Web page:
1 2 3 4 5 Previous Next 61 Replies Latest reply on Feb 21, 2008 8:42 AM by Andy Taylor Go to original post
      • 15. Re: JBM 2 Management Interfaces
        Tim Fox Master


        "apwalker" wrote:
        I like the idea of sending management messages. Such as a message to create a new destination, locking and unlocking the server, shutdown the server, etc

        Yes we should certainly allow some of this to be exposed via the transport itself.

        Actually we already have createQueue/deleteQueue but should expand this...

        • 16. Re: JBM 2 Management Interfaces
          Tim Fox Master


          "mazz@jboss.com" wrote:
          (side note: the comm layer between RHQ's server and agent has JBoss/Remoting 2 under the covers):

          I would be interested in knowing what runtime dependencies this has.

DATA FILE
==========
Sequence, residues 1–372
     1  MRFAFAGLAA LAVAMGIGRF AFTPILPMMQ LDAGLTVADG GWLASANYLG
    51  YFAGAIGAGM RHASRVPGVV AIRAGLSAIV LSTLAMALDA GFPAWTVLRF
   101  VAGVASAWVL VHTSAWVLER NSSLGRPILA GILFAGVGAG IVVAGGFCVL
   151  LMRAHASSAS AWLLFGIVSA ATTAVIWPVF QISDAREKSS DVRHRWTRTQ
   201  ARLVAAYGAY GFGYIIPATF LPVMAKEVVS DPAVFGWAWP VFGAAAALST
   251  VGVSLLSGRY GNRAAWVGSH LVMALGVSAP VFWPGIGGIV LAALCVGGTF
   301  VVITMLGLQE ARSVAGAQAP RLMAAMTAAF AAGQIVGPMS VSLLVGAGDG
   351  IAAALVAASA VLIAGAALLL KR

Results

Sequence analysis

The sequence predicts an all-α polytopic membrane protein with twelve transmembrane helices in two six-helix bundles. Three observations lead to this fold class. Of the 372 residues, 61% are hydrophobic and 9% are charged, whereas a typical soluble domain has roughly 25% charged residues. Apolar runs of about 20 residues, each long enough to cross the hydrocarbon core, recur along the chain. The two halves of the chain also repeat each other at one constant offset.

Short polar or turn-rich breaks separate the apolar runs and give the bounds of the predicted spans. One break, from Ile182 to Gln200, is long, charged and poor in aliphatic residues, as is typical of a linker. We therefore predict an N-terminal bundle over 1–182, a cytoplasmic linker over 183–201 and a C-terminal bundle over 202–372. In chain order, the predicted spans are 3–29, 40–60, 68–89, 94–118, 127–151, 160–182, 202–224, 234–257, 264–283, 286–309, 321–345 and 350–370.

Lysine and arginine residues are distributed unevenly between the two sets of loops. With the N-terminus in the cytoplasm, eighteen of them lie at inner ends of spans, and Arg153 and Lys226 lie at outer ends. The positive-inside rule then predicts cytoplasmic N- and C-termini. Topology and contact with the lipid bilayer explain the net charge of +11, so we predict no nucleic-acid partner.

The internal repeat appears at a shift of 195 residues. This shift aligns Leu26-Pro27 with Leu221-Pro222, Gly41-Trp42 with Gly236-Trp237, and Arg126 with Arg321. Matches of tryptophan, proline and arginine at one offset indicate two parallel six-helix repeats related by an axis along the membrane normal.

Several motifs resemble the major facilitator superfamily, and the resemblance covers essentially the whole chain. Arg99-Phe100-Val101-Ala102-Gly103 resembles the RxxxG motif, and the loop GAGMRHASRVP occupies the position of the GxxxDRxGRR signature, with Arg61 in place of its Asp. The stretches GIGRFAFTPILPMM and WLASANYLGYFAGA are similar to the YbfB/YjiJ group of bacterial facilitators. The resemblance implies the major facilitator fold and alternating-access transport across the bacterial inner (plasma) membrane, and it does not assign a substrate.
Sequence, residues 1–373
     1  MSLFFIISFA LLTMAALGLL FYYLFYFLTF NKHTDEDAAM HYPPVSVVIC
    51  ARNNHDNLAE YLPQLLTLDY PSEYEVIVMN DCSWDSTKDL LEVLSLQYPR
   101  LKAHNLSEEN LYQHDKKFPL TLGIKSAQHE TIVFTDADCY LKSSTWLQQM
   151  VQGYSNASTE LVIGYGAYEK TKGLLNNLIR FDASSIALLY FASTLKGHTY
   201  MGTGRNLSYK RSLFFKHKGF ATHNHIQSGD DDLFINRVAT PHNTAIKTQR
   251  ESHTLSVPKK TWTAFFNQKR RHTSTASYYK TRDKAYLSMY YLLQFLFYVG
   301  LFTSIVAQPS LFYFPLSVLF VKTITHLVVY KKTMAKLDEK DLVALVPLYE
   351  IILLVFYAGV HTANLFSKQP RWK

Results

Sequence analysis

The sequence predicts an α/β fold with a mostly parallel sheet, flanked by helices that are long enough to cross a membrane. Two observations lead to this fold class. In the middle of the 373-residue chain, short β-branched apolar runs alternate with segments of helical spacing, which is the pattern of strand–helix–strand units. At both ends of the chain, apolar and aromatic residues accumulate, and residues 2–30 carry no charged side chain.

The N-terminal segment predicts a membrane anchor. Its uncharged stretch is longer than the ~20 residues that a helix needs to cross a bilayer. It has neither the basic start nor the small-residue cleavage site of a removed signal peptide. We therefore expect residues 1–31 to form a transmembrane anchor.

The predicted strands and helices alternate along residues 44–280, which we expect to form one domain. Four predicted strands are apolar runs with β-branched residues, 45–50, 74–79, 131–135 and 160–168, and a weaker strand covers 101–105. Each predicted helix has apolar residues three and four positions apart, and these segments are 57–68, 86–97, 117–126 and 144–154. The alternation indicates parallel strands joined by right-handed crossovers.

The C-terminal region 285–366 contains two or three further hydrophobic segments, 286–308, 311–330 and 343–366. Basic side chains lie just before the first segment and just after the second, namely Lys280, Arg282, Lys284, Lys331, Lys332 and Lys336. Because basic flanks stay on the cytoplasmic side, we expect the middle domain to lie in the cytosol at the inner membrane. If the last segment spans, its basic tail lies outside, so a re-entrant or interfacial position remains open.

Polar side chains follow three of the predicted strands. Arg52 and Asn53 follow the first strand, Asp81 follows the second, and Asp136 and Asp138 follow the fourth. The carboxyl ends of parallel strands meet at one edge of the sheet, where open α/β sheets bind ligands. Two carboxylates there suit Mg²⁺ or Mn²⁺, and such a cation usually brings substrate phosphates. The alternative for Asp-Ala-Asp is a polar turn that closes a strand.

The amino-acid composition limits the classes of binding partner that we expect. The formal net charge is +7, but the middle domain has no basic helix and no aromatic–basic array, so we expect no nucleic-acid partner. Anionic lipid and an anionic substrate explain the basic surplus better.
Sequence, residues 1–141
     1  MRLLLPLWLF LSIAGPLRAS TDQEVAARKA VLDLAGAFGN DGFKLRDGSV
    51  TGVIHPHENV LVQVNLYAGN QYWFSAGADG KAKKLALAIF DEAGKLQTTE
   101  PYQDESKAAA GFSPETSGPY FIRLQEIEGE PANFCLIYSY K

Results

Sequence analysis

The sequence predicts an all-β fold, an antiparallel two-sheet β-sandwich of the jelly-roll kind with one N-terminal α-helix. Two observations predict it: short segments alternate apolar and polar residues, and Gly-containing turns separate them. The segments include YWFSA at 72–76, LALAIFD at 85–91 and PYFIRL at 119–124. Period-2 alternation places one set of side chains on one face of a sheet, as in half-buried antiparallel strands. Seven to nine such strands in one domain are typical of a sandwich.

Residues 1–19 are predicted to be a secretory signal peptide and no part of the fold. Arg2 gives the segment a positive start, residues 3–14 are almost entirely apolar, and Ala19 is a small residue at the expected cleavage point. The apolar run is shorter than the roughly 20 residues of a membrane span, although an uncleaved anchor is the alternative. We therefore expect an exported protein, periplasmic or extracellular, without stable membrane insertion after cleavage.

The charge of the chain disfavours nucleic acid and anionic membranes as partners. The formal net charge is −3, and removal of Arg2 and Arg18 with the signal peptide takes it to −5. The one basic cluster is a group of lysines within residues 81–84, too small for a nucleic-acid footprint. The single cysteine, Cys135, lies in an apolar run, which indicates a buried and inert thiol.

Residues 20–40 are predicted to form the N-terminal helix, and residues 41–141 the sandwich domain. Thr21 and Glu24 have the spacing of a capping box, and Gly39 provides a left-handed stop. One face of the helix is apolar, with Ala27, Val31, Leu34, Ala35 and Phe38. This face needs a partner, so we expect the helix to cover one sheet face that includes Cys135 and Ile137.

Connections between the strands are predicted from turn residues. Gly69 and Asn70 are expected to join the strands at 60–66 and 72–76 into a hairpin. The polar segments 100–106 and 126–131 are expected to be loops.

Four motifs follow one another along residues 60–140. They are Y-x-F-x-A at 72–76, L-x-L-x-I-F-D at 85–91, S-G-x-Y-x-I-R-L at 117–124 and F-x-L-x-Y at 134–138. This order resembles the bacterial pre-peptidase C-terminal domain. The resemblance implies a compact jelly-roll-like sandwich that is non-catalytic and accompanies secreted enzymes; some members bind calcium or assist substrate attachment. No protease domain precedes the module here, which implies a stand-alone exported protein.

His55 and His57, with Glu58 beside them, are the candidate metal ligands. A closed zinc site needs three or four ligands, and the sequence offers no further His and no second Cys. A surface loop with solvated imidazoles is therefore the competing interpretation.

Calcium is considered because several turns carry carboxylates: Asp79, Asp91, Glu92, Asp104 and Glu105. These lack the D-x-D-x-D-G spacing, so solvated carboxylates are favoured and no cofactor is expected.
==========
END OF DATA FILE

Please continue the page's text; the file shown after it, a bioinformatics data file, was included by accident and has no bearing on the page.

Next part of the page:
One of our deployment configurations is JBoss messaging "standalone", which is basically just the Microcontainer running the JBM POJOs. We would like a management capability in there too, but would want to keep the run time dependencies and footprint to a minumu - otherwise we just end becoming JBoss AS.

          You mention remoting - this implies to me that you're not a web UI.

          Also I'm guessing a web server, and seam - anything else.

          Or maybe I am confusing the whole issue and confusing two different management solutions...

          • 17. Re: JBM 2 Management Interfaces
            Aaron Walker Newbie

            correct me if I'm wrong

            rhq consists of a server and agent component. To integrate you would write an agent plugin which could interact with the JBM Management API directly. This could be a totally separate project and wouldn't directly add any dependencies to JBM. Since it's added to the rhq agent which runs in a separate JVM.